Could cryptocurrency help the fight for Palestinian liberation?
After a fraught period, Kareem’s fortunes changed when a friend suggested he look into Bitcoin. After teaching himself about crypto through platforms like YouTube, Kareem has since managed to make a living investing in Bitcoin and selling shoes online, receiving the payments in crypto. “I was beyond surprised and happy,” he says, “finally, I could stand on my feet again.”
Despite having no prior understanding of Bitcoin, it is now his one and only source of income in the besieged area. As Kareem puts it: “He who has a source of income in Gaza is blessed and lucky for how unbearable our livelihoods are under a suppressive air and land siege.”
Israeli authorities continue to enforce severe and discriminatory restrictions on human rights, the movement of people, and the economy in Palestine. Seven decades of suppression have deprived Palestinians of access to clean drinking water, electricity, healthcare, along with educational and economic opportunities.
The Paris Protocol of 1994, signed by Israel and the Palestinian Liberation Organization, aimed to achieve positive changes in the Palestinian economy, and vested the Palestinian Monetary Authority with the powers of a central bank, but without the ability to issue banknotes. Three decades later, Palestine is still subject to an Israeli military rule, economically and monetarily remaining completely reliant on the Israeli shekel.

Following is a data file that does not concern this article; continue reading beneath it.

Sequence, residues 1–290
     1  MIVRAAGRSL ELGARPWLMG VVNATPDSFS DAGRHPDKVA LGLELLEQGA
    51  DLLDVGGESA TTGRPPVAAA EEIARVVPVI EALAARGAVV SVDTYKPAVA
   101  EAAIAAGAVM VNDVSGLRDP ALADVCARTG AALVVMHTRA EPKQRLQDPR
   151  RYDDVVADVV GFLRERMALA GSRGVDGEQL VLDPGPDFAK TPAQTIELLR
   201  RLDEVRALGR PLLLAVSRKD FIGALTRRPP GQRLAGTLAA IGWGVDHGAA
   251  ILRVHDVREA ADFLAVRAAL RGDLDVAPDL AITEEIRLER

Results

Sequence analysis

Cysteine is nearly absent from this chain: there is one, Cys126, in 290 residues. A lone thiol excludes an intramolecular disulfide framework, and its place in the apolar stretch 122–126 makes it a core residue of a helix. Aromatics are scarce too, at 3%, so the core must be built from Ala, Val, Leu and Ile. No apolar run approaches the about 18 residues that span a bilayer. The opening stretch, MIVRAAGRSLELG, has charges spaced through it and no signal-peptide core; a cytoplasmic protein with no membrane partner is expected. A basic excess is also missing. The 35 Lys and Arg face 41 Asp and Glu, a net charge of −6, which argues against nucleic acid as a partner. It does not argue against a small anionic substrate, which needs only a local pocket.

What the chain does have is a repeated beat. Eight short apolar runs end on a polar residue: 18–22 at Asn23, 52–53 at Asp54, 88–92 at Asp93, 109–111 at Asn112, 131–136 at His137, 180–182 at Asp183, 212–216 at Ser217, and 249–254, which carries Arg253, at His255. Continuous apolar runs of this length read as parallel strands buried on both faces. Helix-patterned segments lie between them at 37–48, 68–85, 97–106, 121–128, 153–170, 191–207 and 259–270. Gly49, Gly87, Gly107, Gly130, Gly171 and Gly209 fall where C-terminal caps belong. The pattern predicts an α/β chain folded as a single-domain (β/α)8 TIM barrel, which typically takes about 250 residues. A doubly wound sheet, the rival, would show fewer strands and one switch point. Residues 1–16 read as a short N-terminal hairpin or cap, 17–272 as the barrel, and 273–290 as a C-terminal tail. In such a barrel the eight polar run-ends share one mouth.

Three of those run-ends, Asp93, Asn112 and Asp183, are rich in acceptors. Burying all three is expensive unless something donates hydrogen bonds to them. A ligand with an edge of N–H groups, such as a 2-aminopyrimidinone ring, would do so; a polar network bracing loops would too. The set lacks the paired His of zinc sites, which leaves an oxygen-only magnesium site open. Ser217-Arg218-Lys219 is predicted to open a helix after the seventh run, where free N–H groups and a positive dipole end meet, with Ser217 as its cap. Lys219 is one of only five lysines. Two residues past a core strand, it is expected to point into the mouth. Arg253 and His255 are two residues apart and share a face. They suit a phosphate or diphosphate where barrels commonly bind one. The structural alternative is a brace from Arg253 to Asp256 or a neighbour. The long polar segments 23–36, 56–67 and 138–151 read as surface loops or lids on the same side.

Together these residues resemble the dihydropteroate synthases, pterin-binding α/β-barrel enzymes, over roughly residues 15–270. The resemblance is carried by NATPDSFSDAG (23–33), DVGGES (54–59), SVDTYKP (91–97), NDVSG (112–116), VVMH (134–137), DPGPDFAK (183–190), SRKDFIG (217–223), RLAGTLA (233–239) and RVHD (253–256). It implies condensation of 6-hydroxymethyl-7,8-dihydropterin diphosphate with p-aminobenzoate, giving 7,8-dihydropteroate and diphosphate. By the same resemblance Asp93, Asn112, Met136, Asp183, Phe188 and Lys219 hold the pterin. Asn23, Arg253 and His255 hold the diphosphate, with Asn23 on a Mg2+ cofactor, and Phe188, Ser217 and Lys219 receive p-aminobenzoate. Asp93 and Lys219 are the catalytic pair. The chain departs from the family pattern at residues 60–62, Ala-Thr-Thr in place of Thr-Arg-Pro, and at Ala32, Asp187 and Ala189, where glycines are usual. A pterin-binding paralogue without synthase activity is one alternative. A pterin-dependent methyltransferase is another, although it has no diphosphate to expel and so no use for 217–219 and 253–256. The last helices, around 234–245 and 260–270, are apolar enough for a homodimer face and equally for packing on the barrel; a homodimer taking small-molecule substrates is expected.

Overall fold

In the besieged Gaza Strip, unemployment is at over 45 per cent. Many Palestinians are desperately fleeing the collapsing economy of both private and governmental sectors and turning to online freelance work as a means of survival. And now, like Kareem, a growing number of Palestinians are taking to digital currencies to evade Israeli monetary limitations.
Bitcoin allows users to conduct independent peer-to-peer transactions without an intermediary and is censorship-resistant. It enables encrypted security for the traders, given no third parties are needed. When any sort of intervention takes place, it can be monitored, and the money can be easily tracked down through the blockchain – a system in which a record of transactions made in Bitcoin or another cryptocurrency is maintained. Bitcoin is not a centralised currency over which the Israeli banks can take control, neither limit nor track, which can help create a safe space for freelance workers.
For decades, Israel has enforced limitations on how much money – Israeli shekels – Palestinian banks in the Gaza Strip and across Palestine can transfer back into Israel monthly. In return, Palestinian banks often need to borrow money to cover foreign exchange payments to third parties, and are stuck with a glut of Israeli banknotes.
The Palestinian economy, already weakened enough, is constrained significantly by Israeli limitations on the free flow of goods and cash, and is heavily dependent on donor money and remittances from Israel. For some, the use of cryptocurrency allows for opportunities outside of Israel’s crippling restrictions, and can assist in cross-border job market creation.